OOS 46-7
Agroecological research, education, and extension: An integrated approach to improving educational engagement in food systems

Thursday, August 14, 2014: 3:40 PM
308, Sacramento Convention Center
Alex E. Racelis, Biology, University of Texas Pan American, Edinburg, TX
Carlo R. Moreno, Biology, University of Texas Pan American, Edinburg, TX
Mike Morris, National Center for Appropriate Technology, San Antonio, TX
Robert Maggiani, National Center for Appropriate Technology, San Antonio, TX

Many of today’s major societal challenges—including global food security and hunger, nutrition-related diseases such as diabetes and obesity, sustainable energy, climate change, and even challenges in science education—can be inextricably linked to agriculture.  Universities with programs in agroecology provide a platform to not only identify and understand patterns, processes and functions in agroecosystems, but to foment the development of intellectual capital and future workforce that ultimately is required to help address these challenges.  An institutional experiment is being conducted at the University of Texas Pan-American, situated in southmost portion of the Texas-Mexico border, to better understand the potential impact of an integrated approach in research, education, and extension in agroecology on student engagement in agricultural sciences and outcomes in regional food systems.  In 2013, a new integrative agroecology program was started at UTPA, with the intention of making measurable impacts in student development through education and experiential learning, and positive impacts in local agricultural practice through participatory research, extension and action.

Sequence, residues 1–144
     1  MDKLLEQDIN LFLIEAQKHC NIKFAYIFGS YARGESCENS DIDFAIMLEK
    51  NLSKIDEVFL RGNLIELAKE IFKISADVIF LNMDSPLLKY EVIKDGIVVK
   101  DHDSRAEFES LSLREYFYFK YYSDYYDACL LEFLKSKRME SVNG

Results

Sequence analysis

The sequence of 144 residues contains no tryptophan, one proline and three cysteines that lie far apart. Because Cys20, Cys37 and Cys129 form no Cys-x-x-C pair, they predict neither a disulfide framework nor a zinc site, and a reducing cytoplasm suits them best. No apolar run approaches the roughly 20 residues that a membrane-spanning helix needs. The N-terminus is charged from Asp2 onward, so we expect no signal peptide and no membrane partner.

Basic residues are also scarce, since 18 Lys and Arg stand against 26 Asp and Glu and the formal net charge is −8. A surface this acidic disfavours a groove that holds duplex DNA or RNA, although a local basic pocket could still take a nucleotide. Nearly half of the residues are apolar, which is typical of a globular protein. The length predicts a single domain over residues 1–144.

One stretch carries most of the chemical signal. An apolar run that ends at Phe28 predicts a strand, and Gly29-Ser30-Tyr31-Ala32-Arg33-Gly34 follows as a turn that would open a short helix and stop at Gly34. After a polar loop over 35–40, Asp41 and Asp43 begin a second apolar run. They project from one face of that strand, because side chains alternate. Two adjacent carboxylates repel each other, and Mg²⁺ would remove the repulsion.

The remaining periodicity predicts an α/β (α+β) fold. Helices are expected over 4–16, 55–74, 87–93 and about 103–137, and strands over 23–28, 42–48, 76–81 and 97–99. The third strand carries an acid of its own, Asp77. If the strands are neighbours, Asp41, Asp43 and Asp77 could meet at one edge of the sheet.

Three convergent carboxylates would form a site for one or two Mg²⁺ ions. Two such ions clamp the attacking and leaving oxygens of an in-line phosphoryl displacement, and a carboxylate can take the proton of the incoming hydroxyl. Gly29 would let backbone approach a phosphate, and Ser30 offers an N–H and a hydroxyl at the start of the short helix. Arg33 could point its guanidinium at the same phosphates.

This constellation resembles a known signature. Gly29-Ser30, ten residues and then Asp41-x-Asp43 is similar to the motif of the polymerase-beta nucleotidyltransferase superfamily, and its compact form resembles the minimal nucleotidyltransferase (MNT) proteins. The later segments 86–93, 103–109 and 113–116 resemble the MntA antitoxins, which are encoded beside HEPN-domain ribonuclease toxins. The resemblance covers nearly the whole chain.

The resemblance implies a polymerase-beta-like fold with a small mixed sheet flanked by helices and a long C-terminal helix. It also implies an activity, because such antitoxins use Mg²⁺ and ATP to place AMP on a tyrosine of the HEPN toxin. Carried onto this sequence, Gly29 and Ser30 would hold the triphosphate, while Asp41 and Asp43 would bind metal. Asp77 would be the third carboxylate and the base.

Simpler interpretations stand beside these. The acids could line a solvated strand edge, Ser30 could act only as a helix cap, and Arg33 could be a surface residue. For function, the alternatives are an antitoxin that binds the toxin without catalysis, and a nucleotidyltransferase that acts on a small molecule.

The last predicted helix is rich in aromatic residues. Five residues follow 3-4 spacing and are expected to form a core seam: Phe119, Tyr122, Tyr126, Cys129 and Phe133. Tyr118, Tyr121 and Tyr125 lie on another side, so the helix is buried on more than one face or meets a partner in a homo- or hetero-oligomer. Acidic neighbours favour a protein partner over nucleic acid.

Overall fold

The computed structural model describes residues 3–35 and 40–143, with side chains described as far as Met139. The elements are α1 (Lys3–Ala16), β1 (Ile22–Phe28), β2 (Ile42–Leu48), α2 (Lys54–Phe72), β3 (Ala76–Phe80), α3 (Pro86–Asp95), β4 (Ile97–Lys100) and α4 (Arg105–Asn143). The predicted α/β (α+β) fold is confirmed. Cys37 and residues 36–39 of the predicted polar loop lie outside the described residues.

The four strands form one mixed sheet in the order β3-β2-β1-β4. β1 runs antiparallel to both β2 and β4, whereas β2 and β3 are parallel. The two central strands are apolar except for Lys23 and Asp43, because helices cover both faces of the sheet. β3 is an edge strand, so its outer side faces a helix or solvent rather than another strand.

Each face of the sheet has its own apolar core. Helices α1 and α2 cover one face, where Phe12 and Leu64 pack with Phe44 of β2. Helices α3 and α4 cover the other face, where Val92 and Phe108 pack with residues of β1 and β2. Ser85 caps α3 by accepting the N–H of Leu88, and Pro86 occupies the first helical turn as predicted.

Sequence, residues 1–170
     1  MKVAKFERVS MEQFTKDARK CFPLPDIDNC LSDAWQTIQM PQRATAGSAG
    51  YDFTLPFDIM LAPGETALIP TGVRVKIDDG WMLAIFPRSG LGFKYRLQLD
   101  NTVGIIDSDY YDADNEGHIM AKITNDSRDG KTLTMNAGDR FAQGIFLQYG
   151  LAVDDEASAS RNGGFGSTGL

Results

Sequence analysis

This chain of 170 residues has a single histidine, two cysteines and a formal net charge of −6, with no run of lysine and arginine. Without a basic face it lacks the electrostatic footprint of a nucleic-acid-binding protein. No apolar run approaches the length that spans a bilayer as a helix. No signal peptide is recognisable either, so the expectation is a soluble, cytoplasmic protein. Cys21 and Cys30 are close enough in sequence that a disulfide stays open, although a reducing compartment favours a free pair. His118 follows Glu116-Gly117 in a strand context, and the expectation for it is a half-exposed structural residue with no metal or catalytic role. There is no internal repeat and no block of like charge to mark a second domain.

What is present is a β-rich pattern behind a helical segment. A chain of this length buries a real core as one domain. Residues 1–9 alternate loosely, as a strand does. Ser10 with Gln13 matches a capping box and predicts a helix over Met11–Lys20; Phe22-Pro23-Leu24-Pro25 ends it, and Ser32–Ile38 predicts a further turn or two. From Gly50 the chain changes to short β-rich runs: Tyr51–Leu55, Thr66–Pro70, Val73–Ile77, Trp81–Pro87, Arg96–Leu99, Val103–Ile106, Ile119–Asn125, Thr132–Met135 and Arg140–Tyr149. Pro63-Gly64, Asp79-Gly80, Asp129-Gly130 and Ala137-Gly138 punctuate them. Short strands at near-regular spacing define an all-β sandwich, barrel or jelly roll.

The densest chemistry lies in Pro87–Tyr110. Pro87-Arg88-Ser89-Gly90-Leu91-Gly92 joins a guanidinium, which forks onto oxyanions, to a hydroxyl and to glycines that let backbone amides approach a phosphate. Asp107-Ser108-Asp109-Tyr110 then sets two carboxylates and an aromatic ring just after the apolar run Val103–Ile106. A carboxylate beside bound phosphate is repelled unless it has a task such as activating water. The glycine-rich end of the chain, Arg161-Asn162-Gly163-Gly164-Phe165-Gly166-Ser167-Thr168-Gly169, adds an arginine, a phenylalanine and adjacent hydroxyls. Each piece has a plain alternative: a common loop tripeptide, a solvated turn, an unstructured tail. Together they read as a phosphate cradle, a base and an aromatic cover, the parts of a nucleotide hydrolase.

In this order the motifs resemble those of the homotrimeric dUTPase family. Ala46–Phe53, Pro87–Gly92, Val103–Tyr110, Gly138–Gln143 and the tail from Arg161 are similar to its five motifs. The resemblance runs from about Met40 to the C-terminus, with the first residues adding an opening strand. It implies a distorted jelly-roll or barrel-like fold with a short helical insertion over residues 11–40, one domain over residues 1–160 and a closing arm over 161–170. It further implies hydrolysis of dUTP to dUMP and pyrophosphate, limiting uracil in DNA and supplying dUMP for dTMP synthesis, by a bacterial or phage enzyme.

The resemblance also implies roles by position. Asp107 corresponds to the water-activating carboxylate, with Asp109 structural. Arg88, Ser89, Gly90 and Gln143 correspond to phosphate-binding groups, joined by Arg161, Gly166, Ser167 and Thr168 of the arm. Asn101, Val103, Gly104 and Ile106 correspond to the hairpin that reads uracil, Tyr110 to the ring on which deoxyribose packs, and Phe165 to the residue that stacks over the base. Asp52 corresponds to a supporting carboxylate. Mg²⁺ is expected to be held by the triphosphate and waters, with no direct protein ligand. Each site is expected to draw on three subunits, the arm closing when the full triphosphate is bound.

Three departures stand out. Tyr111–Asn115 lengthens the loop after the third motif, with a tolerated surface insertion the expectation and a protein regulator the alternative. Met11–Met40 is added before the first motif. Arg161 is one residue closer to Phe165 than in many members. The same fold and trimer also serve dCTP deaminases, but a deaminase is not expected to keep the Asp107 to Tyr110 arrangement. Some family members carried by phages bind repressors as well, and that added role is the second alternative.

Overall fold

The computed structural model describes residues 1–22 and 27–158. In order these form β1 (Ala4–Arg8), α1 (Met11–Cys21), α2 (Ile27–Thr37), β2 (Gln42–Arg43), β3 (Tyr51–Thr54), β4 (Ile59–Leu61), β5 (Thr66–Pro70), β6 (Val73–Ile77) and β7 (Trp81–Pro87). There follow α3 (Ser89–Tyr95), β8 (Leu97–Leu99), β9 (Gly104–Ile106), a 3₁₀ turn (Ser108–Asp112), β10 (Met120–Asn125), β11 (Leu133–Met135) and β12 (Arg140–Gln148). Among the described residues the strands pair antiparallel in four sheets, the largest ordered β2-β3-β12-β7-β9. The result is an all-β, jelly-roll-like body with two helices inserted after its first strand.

Through directed discussion through focus groups and follow-up interviews with thirteen sustainable farmers in the region, we identified key challenges for organic farms in south Texas, which center around the lack of relevant, timely, and accessible information needed to effectively deal with insect pests, persistent weed pressure, and degrading water quality and access.  Not much accessible research exists for these subtropical farmers (Zones 9B and 10A), who are challenged by year-round pest pressures and an insecure water supply.  Small farmers (<100 acres) acknowledged that modest local demand for their products, a lack of social capital to organize volumes for commercial markets, and deficiencies in technical support and extension services specific to small-scale and/or organic agriculture limit their competitiveness and viability.  Based on this information, we launched a research program where graduate and undergraduate students at UTPA work closely with research scientists and extensions agents to devise and implement discrete on-farm experiments to uncover usable information that farmers can use in real-time.  Data collected each season are analyzed and disseminated immediately through accessible media, such as short videos available online in English and Spanish.   The collaborative, integrative partnership among students, researchers, farmers, and extension have had clear positive impacts at each level, demonstrating a form of university-community engagement required for positive impacts in local food systems.